While getting a tooth out, the jaw and mouth muscles tend to tense up. The facial and cranial muscles are also affected, sometimes leading to painful headaches.
As a result, you may have discomfort or a headache after having teeth extracted due to the tension placed on the muscles of your face. The stress often begins in the gums and works its way up to the head.
Tooth extraction is necessary if there is pus or inflammation surrounding the tooth or gums. In such situations, you may also have swelling, fever, headache, or bleeding. If you have a decaying or diseased tooth, the dentist may extract it to prevent the infection from spreading.
So, unfortunately, both an infected tooth and the extraction to remove it can cause headaches.
It’s common to confuse the symptoms of temporomandibular joint disorder with those of a regular headache because both are common.
Sharp pain in the back of the neck or top of the head is possible, and it might be followed by jaw stiffness.
Migraines and other severe types of headaches are common signs of TMJ. Try these five treatment options to treat and prevent chronic TMJ headaches.
If you experience TMJ headaches, gently massaging your jaw may help improve blood flow to the area.
Massaging your jaw can alleviate some of the discomfort and lessen the likelihood of a swollen jaw.
Massage your jaw like this: With three fingers, massage the mandibular joint in slow, circular motions. Keep doing this until you feel relief.
Making little adjustments to your jaw routine, such as avoiding foods that require a lot of chewing, can help. In addition, avoiding jaw movements such as broad yawning and gum chewing can help alleviate discomfort.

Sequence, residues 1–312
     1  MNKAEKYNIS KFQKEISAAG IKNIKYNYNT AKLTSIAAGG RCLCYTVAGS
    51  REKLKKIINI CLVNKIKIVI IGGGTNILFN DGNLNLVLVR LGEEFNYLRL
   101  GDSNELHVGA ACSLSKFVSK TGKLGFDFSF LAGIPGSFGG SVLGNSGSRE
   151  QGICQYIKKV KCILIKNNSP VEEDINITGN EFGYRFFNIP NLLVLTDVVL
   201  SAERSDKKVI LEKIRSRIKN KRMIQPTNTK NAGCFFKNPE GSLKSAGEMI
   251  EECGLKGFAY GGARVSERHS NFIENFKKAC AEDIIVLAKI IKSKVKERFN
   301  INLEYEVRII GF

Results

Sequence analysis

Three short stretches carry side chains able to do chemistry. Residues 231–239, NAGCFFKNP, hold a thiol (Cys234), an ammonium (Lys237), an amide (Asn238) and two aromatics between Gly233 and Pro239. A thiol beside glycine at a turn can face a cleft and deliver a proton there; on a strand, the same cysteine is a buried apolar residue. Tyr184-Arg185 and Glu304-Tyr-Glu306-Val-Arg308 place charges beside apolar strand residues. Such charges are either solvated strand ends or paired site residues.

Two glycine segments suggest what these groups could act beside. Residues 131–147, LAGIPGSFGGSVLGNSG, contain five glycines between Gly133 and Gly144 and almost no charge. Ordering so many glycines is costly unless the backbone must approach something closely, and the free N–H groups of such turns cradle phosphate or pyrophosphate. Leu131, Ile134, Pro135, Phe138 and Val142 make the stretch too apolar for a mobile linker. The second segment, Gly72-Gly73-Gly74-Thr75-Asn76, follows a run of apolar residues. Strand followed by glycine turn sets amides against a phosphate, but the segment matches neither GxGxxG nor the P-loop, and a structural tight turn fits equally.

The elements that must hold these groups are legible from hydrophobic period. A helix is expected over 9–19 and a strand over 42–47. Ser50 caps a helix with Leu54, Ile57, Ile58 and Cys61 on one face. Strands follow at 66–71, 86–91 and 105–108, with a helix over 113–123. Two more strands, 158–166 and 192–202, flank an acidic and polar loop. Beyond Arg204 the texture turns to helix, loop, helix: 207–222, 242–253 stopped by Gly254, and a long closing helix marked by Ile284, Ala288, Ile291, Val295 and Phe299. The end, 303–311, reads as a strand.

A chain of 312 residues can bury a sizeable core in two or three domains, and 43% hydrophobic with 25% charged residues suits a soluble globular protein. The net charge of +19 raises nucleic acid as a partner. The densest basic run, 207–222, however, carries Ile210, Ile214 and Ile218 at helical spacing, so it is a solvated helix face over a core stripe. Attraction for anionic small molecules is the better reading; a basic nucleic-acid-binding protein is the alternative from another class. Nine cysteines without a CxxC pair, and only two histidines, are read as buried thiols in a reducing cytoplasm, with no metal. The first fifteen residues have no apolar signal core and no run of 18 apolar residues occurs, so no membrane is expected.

Over-the-counter nonsteroidal anti-inflammatory drugs can be helpful in the short term for alleviating the jaw discomfort and headache associated with TMJ. All-in-one medications like aspirin, ibuprofen, and naproxen fall under this category.
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Schedule a visit with your doctor if adjustments in your lifestyle and over-the-counter drugs have not relieved your symptoms. In some cases, they may be able to provide you with stronger medication.
If your doctor finds that conservative, noninvasive treatments aren’t working, they may suggest more radical measures. In order to alleviate the pain, they may prescribe stronger medication or recommend a stabilization splint. You can also get a stabilization splint from your dentist.
While they are likely to protect your teeth when you grind them, there is no solid evidence that stabilization splints help to relieve headaches or jaw pain.
Fortunately, there are ways to alleviate the pain of a TMJ headache. If you suspect you’re experiencing TMJ headaches, discuss your symptoms and any attempts you’ve made to lessen the discomfort with your doctor.
You can get relief from your headaches and learn how to prevent them in the future once you find out the root cause of them. We recommend that you visit your doctor if you’ve tried any treatment options and your headache is still not going away.